Instead, he joined the United States Army Air Corps in 1941 as a private . Accepted to officer candidate school and then graduating from flight training, Poston served as a pilot in the European Theater in World War II; his aircraft dropped paratroopers for the Normandy invasion. He was awarded the Air Medal with an Oak Leaf Cluster, representing a total of three Air Medals for his actions during the war.  Poston served in North Africa, Italy, France, and England, and reached the rank of captain . After his discharge, he began studying acting in New York City.
In the 1950s, Poston gained recognition as a comedic "Man in the Street" (along with his colleagues Louie Nye, Wally Cox and Don Knotts) on the Steve Allen Show. For these performances, Poston won the 1959 Emmy Award for Best Supporting Actor (Continuing Character) in a Comedy Series. Following that, he appeared frequently on Broadway and as a television game show panelist, including regular appearances on To Tell the Truth and What's My Line?. While Poston's film career was limited to quirky comedies (such as William Castle's "Zotz" and "The Old Dark House" in the 1960s), his television career was expansive, covering the better part of five decades, and saw him contributing his comedic talents in virtually every corner of the medium, from made-for-TV movies to variety shows to situation comedies to talk shows and even to voice-overs for cartoons.
Poston was a recurring guest star on The Bob Newhart Show in the 1970s. He later played the role of Franklin Delano Bickley on Mork & Mindy. A longtime friend of Bob Newhart, Poston played George Utley, bumbling country handyman of the Stratford Inn, on Newhart. He was nominated for an Emmy Award three times for Outstanding Supporting Actor in a Comedy Series for his performance on Newhart: in 1984, 1986, and 1987. He had a third role with Newhart in the short-lived Bob.
Poston also had regular roles on many other television series: Family Matters, Murphy Brown, Home Improvement, Cosby, Malcolm & Eddie, ER, Grace Under Fire, That '70s Show, Will & Grace, and guest starred in an episode of The Simpsons as the Capital City Goofball. He also played Art Hibke on ABC's Coach, for which he was nominated for an Emmy for Outstanding Guest Actor in a Comedy Series in 1991.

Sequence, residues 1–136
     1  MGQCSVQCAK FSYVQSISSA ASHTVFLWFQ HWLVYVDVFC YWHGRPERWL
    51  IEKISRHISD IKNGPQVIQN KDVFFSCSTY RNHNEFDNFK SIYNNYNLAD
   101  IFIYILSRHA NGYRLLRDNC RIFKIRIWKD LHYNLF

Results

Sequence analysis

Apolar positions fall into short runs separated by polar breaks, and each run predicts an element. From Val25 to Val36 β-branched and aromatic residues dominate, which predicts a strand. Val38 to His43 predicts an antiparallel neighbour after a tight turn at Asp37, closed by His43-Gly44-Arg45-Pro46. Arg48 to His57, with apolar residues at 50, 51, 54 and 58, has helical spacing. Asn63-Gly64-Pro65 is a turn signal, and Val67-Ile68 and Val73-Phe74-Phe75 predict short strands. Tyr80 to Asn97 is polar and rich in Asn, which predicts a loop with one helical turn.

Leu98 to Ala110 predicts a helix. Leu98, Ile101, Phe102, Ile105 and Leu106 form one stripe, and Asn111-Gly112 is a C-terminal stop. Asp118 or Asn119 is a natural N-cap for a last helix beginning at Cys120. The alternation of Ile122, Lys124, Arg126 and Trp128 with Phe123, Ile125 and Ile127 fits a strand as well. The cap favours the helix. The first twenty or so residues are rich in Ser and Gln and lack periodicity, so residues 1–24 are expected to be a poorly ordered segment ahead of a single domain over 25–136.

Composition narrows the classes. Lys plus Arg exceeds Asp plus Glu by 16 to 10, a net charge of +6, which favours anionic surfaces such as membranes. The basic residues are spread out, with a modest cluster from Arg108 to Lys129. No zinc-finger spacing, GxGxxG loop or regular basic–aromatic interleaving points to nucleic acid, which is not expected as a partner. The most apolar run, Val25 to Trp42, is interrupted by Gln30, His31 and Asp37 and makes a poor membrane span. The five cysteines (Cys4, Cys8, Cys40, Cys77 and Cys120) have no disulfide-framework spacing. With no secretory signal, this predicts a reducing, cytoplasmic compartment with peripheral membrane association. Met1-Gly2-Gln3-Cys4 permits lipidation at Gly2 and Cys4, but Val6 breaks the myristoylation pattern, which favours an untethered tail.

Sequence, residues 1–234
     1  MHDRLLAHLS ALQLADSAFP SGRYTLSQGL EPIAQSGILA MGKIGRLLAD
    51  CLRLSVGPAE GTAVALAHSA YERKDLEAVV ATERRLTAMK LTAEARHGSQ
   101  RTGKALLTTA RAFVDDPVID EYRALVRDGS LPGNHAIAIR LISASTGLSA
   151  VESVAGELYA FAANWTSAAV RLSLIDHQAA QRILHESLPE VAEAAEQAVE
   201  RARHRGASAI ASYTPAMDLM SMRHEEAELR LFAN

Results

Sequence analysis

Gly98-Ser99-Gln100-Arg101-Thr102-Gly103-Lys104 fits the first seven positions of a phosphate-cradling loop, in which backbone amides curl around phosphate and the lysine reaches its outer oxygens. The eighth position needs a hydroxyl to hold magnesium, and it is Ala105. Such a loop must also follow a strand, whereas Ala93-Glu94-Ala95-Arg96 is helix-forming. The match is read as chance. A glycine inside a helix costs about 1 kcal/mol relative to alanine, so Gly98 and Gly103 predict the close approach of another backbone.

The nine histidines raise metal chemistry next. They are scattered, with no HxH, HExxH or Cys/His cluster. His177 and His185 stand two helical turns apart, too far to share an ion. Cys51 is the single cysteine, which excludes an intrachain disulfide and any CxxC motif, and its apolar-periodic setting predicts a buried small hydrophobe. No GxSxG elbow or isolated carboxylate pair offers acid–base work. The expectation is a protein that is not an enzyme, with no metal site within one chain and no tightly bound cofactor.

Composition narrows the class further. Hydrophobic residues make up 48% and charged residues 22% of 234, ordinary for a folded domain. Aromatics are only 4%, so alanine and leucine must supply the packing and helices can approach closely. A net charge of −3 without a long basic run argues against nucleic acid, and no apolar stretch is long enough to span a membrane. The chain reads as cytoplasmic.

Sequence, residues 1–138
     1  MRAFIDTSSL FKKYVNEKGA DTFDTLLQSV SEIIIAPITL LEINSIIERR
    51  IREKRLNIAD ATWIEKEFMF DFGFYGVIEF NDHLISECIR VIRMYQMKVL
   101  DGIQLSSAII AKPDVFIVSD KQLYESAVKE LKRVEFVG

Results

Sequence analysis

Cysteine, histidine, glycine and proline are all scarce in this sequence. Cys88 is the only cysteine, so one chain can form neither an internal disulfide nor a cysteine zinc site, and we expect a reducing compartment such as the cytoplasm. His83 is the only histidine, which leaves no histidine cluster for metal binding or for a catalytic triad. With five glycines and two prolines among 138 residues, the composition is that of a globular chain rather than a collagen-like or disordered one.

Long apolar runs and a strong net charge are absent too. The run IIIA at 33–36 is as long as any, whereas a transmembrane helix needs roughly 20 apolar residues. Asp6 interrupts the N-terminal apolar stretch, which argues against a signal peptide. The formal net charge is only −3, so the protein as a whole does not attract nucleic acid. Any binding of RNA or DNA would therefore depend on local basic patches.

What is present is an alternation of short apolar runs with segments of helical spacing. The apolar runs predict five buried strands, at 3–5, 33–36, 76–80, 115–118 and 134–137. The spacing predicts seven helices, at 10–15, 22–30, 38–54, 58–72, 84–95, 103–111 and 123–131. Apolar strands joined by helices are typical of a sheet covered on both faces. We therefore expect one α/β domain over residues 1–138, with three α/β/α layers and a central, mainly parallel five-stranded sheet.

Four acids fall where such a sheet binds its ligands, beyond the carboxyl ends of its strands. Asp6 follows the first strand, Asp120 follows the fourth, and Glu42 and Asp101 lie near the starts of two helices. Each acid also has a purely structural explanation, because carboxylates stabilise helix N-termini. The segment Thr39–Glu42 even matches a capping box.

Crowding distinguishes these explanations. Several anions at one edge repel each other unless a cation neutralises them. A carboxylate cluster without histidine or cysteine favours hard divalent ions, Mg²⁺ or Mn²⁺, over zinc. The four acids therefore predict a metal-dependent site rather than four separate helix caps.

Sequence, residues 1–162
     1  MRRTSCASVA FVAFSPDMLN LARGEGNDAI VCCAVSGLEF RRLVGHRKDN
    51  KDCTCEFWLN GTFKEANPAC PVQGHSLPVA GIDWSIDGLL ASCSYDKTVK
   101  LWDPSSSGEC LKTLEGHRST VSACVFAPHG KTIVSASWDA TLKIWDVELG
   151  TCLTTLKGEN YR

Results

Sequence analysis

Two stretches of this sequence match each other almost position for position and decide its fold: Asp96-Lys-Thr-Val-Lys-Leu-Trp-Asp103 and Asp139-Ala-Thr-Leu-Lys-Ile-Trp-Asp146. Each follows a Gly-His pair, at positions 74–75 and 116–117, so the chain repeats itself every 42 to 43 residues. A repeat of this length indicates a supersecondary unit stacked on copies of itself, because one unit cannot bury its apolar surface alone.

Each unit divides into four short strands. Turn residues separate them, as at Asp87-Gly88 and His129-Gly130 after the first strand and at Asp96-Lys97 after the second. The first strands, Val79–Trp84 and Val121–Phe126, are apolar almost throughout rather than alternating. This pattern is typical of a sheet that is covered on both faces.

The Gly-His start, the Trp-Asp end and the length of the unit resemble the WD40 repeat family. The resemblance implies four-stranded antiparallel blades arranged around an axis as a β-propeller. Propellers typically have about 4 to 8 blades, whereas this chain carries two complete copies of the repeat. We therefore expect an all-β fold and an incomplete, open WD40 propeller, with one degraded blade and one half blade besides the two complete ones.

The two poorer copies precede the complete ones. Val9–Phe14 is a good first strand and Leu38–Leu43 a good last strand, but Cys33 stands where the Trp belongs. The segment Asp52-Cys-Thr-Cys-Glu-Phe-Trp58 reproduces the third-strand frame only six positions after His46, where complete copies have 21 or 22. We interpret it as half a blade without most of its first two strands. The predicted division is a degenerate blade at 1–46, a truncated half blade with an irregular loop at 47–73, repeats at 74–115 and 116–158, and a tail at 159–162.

In 2001, Poston married for the third time, to actress Suzanne Pleshette, who played the wife of Newhart's character Bob Hartley on The Bob Newhart Show. Poston continued to appear in supporting roles in films, with two new ones released in 2004, Christmas with the Kranks and The Princess Diaries 2: Royal Engagement, and on several television programs. In 2005, he played the character "Clown" on the mercifully brief-lived NBC series Committed. They Might Be Giants mentions Poston as a writer for the New York Times in their song "Critic Intro". In 2006 Poston guest-starred on an episode of The Suite Life of Zack & Cody in the episode "Ah! Wilderness" as Merle.
Thomas Penn "Tommy" Newsom (February 25, 1929 – April 28, 2007) was a saxophone player in the NBC Orchestra on The Tonight Show Starring Johnny Carson, an orchestra he later became assistant director of. Newsom was frequently the band's substitute director, whenever Doc Severinsen was away from the show or filling in for announcer Ed McMahon. Nicknamed "Mr. Excitement" as a sarcastic take on his low-keyed, often dull persona, Newsom was often a foil for Carson's humor. His brown or blue suits were a marked contrast to Severinsen's flashy stage clothing.
Newsom joined the band in 1962, and left it when Carson retired in 1992.
Newsom died of bladder and liver cancer at his home in Portsmouth.
Tommy" Newsom was 78 years old at the time of his death
Newsom won two Emmy Awards as a musical director, in 1982 with Night of 100 Stars and in 1986 for the 40th Annual Tony Awards. He also recorded several albums as a bandleader.